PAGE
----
Mobilizing funding has become more challenging as governments of many high-income countries that support CGIAR have cut their aid budgets, diverted resources to crisis management, and seek clear lines of sight to development results. Nonetheless, Bioversity International’s overall revenue from bilateral grants has grown by 25% since 2012 including the first legally decreed contribution from Italy in 2016 and an additional voluntary contribution. Even without the extraordinary voluntary contribution from Italy, overall bilateral revenue increased 8% over the period. Meantime, development of several ‘transformative innovations’, evidence-based products that promise large-scale results ripe for support by development budgets, will help Bioversity International to recover and grow again following the cuts in revenue in 2015 and 2016 from the CGIAR System Fund.
Revenue in 2016 amounted to US$32 million against expenditures of $30.8 million, resulting in an operating surplus of $1.2 million for 2016. Bioversity International’s reserves were at $12.2 million (154 days of expenditure) at 31 December 2016 compared with $10.7 million (115 days) at 31 December 2015, both of which are above the target of 90 days set by the Board.
For more information, download our 2016 Financial Statements
Cristián Samper (until November 2016)
Julia Marton-Lefèvre (from November 2016)
Maria Helena Semedo
M. Ann Tutwiler
Douglas van den Aardweg
Bioversity International created a UK registered charity (no. 1131854) in October 2008 to increase awareness and support for its research agenda and activities. Bioversity International UK is governed by an independent Board of Trustees.
M. Ann Tutwiler
Bioversity International USA, Inc aims to engage and inspire a wide range of partners and donors to ensure that agricultural biodiversity nourishes people and sustains the planet. It is led by a committed and highly regarded Board of Trustees:
M. Ann Tutwiler
How do we conserve fruit tree diversity in a way that brings benefits to the people who look after them? Let’s ask the farmers. An international group of research partners did just that and have now summarized years of discoveries into a book from the series Issues in Agricultural Biodiversity.
When we eat fruit such as vitamin C-rich mangoes or antioxidant-packed mangosteen, we do not often realize that these delicious and highly nutritious fruits are mostly based on farmer discoveries and innovations instead of on results of long-term breeding research. Although it is widely recognized that fruits play a crucial role in a healthy and nutritious diet, investment in identifying, breeding and developing improved planting materials for fruit trees has been limited – and for good reason – as fruit tree breeding is highly challenging. The development of an improved fruit tree variety can take decades or even generations. Their conservation faces similar challenges: it is problematic as fruit seeds are recalcitrant and cannot be conserved in cold storage. Even to date, most of fruit tree crop improvement and conservation is undertaken by farmers around the world, with the public sector pitching in only in recent decades.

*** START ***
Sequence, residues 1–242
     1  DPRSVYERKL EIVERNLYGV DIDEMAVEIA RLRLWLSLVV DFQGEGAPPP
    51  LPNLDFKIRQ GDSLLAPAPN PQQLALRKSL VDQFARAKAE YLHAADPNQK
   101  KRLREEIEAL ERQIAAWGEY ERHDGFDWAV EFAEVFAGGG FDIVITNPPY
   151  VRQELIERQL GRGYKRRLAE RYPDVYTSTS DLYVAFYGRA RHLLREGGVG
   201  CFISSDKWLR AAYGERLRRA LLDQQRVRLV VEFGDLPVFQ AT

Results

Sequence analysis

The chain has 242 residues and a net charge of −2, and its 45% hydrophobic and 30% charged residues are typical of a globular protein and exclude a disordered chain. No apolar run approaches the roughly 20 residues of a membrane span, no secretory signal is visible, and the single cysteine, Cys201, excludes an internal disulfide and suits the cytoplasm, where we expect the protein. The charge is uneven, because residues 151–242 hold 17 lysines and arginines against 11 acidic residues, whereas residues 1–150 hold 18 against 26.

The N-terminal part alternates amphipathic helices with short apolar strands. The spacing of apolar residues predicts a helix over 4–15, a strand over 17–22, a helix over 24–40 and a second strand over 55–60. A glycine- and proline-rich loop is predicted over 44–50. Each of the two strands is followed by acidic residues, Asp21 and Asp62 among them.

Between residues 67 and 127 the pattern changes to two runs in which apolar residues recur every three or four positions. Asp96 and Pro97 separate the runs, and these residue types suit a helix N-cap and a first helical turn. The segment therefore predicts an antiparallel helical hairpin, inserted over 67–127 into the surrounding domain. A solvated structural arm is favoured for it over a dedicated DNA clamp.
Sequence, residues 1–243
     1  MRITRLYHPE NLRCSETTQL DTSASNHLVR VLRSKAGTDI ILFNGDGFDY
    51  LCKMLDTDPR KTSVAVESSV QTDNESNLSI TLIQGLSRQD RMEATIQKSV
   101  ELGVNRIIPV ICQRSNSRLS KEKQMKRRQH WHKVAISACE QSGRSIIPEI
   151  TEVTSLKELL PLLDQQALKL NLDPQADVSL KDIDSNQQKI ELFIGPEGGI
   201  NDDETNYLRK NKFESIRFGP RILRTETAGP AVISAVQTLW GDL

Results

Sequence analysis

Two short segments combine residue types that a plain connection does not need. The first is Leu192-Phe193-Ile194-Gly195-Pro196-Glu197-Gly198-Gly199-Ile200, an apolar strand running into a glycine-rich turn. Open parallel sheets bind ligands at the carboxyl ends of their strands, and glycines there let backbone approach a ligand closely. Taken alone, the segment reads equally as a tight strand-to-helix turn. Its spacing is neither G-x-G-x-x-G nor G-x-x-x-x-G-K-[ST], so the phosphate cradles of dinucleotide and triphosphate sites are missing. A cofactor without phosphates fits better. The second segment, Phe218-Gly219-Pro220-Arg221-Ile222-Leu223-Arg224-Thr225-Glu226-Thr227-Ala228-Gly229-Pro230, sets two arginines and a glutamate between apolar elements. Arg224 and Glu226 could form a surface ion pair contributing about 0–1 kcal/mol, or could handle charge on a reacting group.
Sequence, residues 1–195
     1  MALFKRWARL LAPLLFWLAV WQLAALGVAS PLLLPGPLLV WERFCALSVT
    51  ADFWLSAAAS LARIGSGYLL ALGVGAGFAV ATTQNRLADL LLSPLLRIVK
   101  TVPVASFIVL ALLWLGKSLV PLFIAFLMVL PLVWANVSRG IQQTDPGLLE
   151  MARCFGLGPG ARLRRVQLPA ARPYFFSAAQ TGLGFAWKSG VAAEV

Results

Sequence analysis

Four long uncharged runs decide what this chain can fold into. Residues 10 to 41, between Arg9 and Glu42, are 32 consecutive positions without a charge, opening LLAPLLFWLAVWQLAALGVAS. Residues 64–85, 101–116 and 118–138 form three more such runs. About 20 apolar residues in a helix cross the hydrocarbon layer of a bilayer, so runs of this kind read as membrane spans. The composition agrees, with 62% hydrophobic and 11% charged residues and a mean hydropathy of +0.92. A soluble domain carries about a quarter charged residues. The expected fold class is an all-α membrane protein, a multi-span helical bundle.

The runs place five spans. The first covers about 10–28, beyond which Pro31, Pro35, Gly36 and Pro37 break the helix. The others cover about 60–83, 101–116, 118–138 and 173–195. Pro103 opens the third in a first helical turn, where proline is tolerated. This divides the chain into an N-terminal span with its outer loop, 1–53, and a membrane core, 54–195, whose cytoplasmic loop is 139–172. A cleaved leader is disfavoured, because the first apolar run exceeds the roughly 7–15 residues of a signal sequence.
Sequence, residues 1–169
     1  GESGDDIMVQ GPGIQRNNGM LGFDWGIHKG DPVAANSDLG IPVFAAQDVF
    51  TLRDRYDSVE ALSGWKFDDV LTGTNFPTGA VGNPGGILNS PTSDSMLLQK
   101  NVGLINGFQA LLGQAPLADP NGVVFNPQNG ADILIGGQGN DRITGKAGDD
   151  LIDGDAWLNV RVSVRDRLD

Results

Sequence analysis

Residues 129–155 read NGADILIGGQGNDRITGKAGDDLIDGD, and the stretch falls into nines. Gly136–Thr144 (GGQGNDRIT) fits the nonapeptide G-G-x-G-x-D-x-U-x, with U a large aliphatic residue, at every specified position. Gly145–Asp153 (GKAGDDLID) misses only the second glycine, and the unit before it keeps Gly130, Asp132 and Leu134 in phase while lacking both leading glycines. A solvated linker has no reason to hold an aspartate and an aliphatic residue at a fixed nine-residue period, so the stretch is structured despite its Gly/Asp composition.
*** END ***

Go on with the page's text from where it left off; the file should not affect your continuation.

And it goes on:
Asia is home to over 400 fruit tree species, and fruits like mango (Mangifera indica) and mangosteen (Garcinia mangostana) now reach customers across the globe, but that was not always the case. Many unique or highly nutritious fruit tree species remain underutilized and neglected while we continue to lose fruit tree diversity due to the dominance of introduced fruit species and changing land use patterns that result in the uprooting of diversified orchards and home gardens.
“To make steps forward we realized that we should learn from farmers. We asked ourselves: how do farmers conserve and utilize fruit tree diversity? Which practices do they apply and how can we make their local innovations widely available?” explains Bhuwon Sthapit, Senior Scientist, Bioversity International.